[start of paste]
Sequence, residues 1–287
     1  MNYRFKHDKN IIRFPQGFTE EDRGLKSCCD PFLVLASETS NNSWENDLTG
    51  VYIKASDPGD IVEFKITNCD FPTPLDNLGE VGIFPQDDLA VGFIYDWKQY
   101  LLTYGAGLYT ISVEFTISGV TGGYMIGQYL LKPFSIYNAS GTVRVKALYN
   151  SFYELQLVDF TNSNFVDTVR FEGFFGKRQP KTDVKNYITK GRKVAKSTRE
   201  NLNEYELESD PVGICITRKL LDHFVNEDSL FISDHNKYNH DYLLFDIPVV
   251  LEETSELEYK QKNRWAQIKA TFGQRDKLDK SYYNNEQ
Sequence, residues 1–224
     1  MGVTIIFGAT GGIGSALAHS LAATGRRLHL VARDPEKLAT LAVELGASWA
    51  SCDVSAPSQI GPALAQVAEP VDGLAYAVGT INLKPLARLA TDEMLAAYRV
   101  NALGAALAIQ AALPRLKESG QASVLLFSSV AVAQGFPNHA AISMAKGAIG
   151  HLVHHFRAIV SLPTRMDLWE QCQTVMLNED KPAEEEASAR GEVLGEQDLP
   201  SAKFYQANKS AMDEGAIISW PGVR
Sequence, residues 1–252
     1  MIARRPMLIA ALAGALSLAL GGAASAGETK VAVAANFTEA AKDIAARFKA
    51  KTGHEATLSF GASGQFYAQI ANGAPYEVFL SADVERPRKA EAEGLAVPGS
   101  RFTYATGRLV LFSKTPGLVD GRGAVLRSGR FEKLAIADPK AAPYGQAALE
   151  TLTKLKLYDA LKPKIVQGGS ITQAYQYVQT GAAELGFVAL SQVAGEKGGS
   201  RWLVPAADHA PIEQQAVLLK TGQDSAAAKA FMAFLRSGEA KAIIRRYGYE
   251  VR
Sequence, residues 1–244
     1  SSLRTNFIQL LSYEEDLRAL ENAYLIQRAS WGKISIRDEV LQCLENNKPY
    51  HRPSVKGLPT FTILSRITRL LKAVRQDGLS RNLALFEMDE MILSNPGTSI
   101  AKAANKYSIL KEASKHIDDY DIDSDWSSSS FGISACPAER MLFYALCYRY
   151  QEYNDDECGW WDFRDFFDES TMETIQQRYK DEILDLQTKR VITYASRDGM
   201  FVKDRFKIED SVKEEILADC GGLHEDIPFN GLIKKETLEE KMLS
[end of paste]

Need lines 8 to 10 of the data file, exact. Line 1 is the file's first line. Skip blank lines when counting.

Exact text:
Sequence, residues 1–224
     1  MGVTIIFGAT GGIGSALAHS LAATGRRLHL VARDPEKLAT LAVELGASWA
    51  SCDVSAPSQI GPALAQVAEP VDGLAYAVGT INLKPLARLA TDEMLAAYRV